HPLC was conducted on the Hitachi L-7100 liquid chromatograph equipped with three pumps and a UV-Vis detector. The pigment extracted and hydrolyzed was analyzed (20 µL aliquots) using a C18 column (250 × 4.6 mm; 5 µm) at 25 °C. The mobile phase consisted of mixture of solvent A (acetone), solvent B (methanol), and solvent C (water). For the analysis of free astaxanthin and astaxanthin esters, the following elution procedure was used: 60:23:17 A:B:C v/v for 2 min; linear gradient at 60:30:10 A:B:C v/v for 4 min and then maintained for 2 more min. The mobile phase was pumped at a flow rate of 1 mL/min, and the response was detected at 474 nm. The identification of astaxanthin was accomplished by comparison of the retention times with reference standards and co-chromatography with added standards. Freshly prepared Standard Solutions were injected into the HPLC system to construct the standard curve of astaxanthin. Calculation of the astaxanthin concentration was done using the standard curve; which was found to be linear over the required range (1 - 40 µg/mL; R2 = 0.9998).

Sample preparation for hydrolysis

Following the procedure reported by Cerezal et al. (2013), known amounts of astaxanthin oleoresin (0.1 g) were mixed with 2 mL DMSO and 3 mL of acetone, 2 mL brine solution, and 2 mL n-hexane in a 15 mL conical tube. The mixture was shaken using a vortex-mixer (model Classic, VELP Scientifica, Brasil) for 15 seconds and centrifuged (model Mixtasel-BL, JP Selecta S.A., Spain) at 1370 g for 3 min. Hexane layer containing the carotenoids mixture was removed with a pipette and transferred to a clean tube containing 1.0 g of anhydrous sodium sulfate. Extractions with 2 mL of hexane were repeated until the sample was completely clear. The hexane layer was transferred to 50 mL 24/40 flask, the sodium sulfate crystals were washed with a small amount of hexane until all the carotenoids were recovered and the solvent was eliminated at 40 °C to dryness using a vacuum rotary evaporator (Model RE-52A, Jiangsu Zhengji Instruments Co., Ltd. China). It was redissolved into 10 mL of acetone. The acetone extract was adjusted so that the absorbance at 474 nm ranged between 0.8-1.2, required for good accuracy in measurement, using a UV/VIS spectrophotometer (model SP-2000, Shanghai Spectrum Instruments Co., Ltd.; China), and 3 mL aliquots of this extract were used for enzymatic and alkaline hydrolysis. Sample preparation for yogurt requires 4 g portions.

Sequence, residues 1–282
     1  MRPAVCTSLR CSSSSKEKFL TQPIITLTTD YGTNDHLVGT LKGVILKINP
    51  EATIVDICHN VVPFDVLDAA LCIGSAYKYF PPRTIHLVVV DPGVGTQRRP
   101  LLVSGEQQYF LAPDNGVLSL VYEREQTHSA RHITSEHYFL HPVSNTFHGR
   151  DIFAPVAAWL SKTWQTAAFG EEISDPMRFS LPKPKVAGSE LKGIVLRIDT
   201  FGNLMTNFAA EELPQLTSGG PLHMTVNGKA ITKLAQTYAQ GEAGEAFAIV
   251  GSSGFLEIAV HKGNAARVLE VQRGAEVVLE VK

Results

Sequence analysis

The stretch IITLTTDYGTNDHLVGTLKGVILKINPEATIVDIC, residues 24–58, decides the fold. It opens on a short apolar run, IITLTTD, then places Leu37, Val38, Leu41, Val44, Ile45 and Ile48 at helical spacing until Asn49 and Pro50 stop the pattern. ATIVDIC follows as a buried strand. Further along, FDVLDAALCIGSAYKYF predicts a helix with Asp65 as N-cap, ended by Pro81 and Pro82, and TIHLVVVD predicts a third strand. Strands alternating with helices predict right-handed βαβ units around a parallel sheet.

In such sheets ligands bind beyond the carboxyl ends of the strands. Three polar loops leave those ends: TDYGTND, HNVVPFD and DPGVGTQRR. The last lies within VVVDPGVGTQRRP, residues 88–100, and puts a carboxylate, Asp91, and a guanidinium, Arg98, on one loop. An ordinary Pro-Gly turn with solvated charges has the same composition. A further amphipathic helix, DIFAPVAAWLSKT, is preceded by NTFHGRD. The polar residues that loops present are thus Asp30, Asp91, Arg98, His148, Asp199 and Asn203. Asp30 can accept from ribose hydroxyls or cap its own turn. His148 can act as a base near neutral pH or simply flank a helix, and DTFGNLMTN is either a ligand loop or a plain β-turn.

Enzymatic hydrolysis

The method reported by Cyanotech Corporation (2001) was used with some modifications; in this case, 4 units/mL stock of cholesterol esterase enzyme solution in 0.05 M Tris-HCl pH 7.0 buffer were prepared and maintained at 5 ± 2 °C; 3 mL of the solution was transferred to an empty test-tube, and 3 ml of enzyme solution were added to the test tub, which was then capped. They were placed in a water bath accurately regulated to 37 °C with gentle stirring for 45 min. Thereafter, 1.0 gram of anhydrous sodium sulfate was added, the astaxanthin with 2 mL of hexane was extracted as mentioned above; the hexane was removed and the sample was redissolved in 3 mL of acetone and then analyzed by HPLC.

Alkaline hydrolysis

The method proposed by Yuan & Chen (1999) was employed with some adjustments. 3 mL of the extract was transferred to an empty test tube, and the acetone was removed using a vacuum rotary evaporator at 40 °C and redissolved in 2 mL of methanol. Next, 0.1 mL 1% KOH was added and the mixture stirred using a vortex for 1 min. Astaxanthin esters were hydrolyzed at room temperature under N2 and stored in the dark assaying hydrolysis efficiency at 0, 0.5, 1.0, 2.0, 4.0, 6.0, and 18, 0 hours. The methanol phase was extracted with hexane, and the organic phase was washed with brine solution until pH = 7. The hexane extract was dried with anhydrous sodium sulfate, and the solvent was evaporated by flushing with nitrogen gas. The sample was redissolved in 3 mL of acetone and then analyzed by HPLC.

Statistical analysis

Experimental results were expressed as mean values ± standard deviations. The statistical evaluation of the results was performed using common statistical methods and the Microsoft Office Excel 2010 spreadsheet software. Comparison of variance was carried out using one-way analysis of variance (ANOVA), followed up by the Duncan's Multiple Range test for the determination of statistically different groups. Differences were considered significant when p < 0.05.

 

3 Results and discussion

3.1 Pigmentation of natural yogurt, traditional and diet, with astaxanthin